Google CEO Eric Schmidt began yesterday’s 2006 Q4 report to Wall Street with a familiar refrain:
"Business continues to be very, very good here at Google and we are very happy to present another very strong performance from the company."
Google reported revenues of $3.21 billion for the quarter ended December 31, 2006, an increase of 67% compared to the fourth quarter of 2005 and an increase of 19% compared to the third quarter of 2006.
GAAP net income for the fourth quarter of 2006 was $1.03 billion as compared to $733 million in the third quarter. Non-GAAP net income was $997 million in the fourth quarter, compared to $812 million in the third quarter.
Google’s corporate positioning is that everyone wins big in the Google ecosystem:
Google's utility and ease of use have made it one of the world's best known brands almost entirely through word of mouth from satisfied users. As a business, Google generates revenue by providing advertisers with the opportunity to deliver measurable, cost-effective online advertising that is relevant to the information displayed on any given page. This makes the advertising useful to you as well as to the advertiser placing it.
Google is certainly winning as a corporation. Are all economic actors within its ecosystem winning equally?
Jonathan Rosenberg , SVP, Product Management, offered a mini case study in the “apples and oranges” of the Google Pay Per Click keyword bidding ecosystem, aiming to dampen any fears of across the board declines in keyword prices:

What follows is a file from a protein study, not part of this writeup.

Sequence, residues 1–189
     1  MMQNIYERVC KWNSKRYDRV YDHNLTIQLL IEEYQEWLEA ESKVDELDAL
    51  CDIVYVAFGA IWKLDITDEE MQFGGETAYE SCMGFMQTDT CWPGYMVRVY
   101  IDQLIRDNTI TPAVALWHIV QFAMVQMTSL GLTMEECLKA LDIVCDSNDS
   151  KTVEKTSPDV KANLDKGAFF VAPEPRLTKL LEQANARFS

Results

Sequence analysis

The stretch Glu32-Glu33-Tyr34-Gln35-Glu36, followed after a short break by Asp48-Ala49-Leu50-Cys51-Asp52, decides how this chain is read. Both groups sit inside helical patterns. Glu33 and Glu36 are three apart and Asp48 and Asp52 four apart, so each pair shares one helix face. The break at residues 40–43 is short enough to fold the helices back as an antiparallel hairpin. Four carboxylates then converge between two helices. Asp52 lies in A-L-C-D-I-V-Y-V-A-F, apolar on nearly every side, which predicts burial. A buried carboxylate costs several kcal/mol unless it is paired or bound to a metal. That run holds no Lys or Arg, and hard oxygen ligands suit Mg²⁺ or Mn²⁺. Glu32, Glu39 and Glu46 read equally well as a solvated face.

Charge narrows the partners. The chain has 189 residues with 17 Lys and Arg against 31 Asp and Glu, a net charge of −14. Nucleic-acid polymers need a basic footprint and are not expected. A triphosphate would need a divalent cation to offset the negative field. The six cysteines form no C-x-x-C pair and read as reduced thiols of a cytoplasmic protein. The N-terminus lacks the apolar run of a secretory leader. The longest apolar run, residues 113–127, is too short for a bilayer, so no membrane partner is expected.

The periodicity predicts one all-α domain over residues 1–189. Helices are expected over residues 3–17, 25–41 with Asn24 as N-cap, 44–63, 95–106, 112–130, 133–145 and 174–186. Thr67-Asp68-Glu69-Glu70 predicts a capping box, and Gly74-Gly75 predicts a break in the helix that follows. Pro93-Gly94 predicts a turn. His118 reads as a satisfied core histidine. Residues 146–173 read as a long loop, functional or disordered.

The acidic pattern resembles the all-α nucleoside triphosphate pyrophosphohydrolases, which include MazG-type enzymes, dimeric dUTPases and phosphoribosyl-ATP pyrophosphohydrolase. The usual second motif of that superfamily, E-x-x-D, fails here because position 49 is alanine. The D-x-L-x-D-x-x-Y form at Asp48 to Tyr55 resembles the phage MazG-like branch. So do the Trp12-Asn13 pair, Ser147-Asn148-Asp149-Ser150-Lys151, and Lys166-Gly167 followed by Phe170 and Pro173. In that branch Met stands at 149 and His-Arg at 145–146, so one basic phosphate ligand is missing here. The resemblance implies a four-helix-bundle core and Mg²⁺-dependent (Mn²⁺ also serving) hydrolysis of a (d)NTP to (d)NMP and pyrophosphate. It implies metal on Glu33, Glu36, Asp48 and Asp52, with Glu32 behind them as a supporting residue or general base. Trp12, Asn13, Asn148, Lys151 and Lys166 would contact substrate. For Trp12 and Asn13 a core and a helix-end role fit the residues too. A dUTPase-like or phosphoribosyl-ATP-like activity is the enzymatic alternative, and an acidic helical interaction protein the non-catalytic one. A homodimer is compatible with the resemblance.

In emerging markets versus developed markets, you basically have the dynamic that the newer markets have lower prices. So what that tends to do is, since they're faster growth, that tends to put downward pressure on CPC. There's another dynamic that you have in terms of Google.com, which has actually been growing faster than the other properties and has a higher CPC, so that actually puts a little bit of upward pressure on CPC. On the other hand, with that AdSense for Content, we're adding a lot of social network-type traffic in, particularly with the MySpace deal. So that puts downward pressure on the dynamic.
There's also a lot of other dynamics, particularly during the holidays, where the advertisers are searching very aggressively for more keywords that can allow them to get more leads. When they do that, they tend to find some of the previously undiscovered keywords, so they get lower CPC keywords.
So there's a whole combination there. There's no data that suggests that on an apples-to-apples basis, we are seeing a decline in CPCs of like keywords.
The Google apple orchard is all good then, according to Rosenberg. His analysis suggests, however, that those partaking in the Google fruits pay diverse prices depending on the crop.